“Blessed be the God and Father of our Lord Jesus Christ, the Father of mercies and God of all comfort, who comforts us in all our affliction, so that we may be able to comfort those who are in any affliction, with the comfort with which we ourselves are comforted by God. For as we share abundantly in Christ’s sufferings, so through Christ we share abundantly in comfort too. If we are afflicted, it is for your comfort and salvation; and if we are comforted, it is for your comfort, which you experience when you patiently endure the same sufferings that we suffer. Our hope for you is unshaken, for we know that as you share in our sufferings, you will also share in our comfort.” 2 Corinthians 1:3-7
Paul, in words that illustrate his experience, sandwiches affliction and suffering in the much greater, overlapping comfort of God. He had suffered much, mentally and physically, from the start of his life in Christ; God ordained it to bring about His grand purposes in Paul’s life and ministry. The apostle learned how God brought affliction so He could prove and lavish His comfort, and perpetuate a cycle that was to identify the church: passing and sharing the divine comfort of the Savior. (Acts 9:15-16; 2 Corinthians 11:23-33)
As years go by, I meet new friends who share sorrows, and I find that time and again, God weaves a beautiful web of mutual comfort through shared pain. It may be that I have experienced a similar hurt, or know well another who has or is presently. WIth a willingness to bear the yoke alongside a sister or brother in Christ comes a glorious realization that this is what Paul was talking about: God ministers to us in our own pathos not only so we know Him better, but for the sake of others. We know best, and can share best, God’s comfort when we personally know suffering. Jesus bore the ultimate rejection and agony, sorrow and wrath against sin, to the cross to ‘win’ for us this comfort, and daily offers it to us with open arms. When once I have been enveloped in it, I have tasted the inexplicable abiding presence that brings peace beyond understanding, I cannot help but wrap my comfort around others, offering its mysterious and palpable fruit to them. (John 14:27; Philippians 3:10; 4:7)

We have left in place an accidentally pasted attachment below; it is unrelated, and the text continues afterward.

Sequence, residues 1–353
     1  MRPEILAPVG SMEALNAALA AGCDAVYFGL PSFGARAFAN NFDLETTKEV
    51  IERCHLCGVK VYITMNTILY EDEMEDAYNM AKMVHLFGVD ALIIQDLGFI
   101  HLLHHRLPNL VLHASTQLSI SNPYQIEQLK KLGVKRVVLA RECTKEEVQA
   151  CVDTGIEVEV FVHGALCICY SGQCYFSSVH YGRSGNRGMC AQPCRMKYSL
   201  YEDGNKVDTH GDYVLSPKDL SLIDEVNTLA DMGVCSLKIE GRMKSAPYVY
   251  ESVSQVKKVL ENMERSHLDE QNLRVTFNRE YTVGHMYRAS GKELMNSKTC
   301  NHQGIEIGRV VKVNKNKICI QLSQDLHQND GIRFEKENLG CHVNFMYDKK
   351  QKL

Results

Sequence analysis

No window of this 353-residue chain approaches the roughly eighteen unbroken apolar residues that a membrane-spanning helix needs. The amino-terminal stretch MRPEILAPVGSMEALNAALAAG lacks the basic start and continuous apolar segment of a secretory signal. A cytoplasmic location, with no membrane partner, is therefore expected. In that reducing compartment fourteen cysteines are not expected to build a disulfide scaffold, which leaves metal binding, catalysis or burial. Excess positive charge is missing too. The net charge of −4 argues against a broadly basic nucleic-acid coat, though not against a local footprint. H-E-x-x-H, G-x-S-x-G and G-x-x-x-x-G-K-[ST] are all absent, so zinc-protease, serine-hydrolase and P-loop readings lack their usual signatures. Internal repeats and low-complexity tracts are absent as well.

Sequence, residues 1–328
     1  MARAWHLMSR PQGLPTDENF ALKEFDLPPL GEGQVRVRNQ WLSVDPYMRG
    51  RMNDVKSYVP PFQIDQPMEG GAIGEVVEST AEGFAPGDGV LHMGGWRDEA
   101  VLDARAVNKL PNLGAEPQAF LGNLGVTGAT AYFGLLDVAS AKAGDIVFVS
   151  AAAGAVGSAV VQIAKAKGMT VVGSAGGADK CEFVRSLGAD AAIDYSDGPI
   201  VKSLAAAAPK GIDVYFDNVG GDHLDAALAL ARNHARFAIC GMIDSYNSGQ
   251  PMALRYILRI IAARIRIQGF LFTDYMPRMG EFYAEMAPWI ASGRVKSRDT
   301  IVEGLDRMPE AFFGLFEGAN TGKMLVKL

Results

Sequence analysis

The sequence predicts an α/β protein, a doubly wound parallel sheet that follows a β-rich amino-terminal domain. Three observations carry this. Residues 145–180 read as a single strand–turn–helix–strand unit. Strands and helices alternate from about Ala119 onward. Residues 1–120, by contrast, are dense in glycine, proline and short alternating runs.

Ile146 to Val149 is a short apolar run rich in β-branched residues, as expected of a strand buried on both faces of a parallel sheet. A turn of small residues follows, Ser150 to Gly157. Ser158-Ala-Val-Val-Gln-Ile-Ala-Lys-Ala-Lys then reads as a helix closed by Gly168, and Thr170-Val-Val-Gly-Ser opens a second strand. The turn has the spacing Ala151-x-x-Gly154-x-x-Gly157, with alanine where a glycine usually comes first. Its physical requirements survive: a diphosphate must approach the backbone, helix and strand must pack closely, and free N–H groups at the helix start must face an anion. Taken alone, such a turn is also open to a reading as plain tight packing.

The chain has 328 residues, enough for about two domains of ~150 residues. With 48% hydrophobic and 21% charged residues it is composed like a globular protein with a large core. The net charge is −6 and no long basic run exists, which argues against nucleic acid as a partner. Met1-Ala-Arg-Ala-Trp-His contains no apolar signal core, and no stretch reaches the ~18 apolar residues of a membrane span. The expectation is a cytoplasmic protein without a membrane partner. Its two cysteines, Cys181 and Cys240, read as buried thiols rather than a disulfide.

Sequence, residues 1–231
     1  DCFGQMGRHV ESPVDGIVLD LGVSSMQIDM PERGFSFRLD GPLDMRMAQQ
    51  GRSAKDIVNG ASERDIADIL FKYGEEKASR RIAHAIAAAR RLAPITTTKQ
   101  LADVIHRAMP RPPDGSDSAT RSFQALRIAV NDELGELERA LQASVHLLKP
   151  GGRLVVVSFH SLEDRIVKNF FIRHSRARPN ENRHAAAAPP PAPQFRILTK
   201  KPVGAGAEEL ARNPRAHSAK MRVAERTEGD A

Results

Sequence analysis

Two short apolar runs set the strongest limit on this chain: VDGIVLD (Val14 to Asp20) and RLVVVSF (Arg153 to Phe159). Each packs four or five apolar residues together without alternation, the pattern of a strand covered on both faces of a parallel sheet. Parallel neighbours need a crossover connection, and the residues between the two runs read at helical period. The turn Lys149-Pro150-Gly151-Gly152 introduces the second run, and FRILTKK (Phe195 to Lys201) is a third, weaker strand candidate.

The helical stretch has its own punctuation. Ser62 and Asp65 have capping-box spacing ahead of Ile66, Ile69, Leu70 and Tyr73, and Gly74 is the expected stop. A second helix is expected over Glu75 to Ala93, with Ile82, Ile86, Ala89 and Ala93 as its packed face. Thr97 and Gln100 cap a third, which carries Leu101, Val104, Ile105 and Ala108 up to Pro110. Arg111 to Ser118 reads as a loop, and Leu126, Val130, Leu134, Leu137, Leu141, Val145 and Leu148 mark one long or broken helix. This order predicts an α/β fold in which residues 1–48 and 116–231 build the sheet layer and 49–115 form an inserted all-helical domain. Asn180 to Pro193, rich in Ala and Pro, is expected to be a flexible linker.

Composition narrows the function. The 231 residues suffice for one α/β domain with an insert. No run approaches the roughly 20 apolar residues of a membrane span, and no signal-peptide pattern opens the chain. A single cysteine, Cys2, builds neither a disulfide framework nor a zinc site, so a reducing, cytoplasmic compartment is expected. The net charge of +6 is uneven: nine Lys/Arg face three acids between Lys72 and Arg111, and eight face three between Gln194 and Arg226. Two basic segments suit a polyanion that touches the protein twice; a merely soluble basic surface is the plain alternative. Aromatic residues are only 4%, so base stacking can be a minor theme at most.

Sense is made in our suffering when we receive His comfort and allow it to flow. Sometimes the resolution we long for is realized when we pass along what Jesus has given; there is a flowering in the sharing that brings beauty from ashes and pain. ‘For this I have suffered, for this my Lord has come to me, that I can share Him with another.’ All around us are those sad, lonely, sick, barren, hurting, hopeless because of a rebellious child, reeling from a broken marriage, uncertain how financial responsibilities will be met, grieving a loved one’s death. What will I do with the rich and blessed comfort I have received? (Isaiah 61:1-3)
O Lord, Your purpose in every pain is redemptive, and I bless Your merciful name. May I never hoard Your good gift of comfort, but keep stoking its very nature by sharing it with those in need.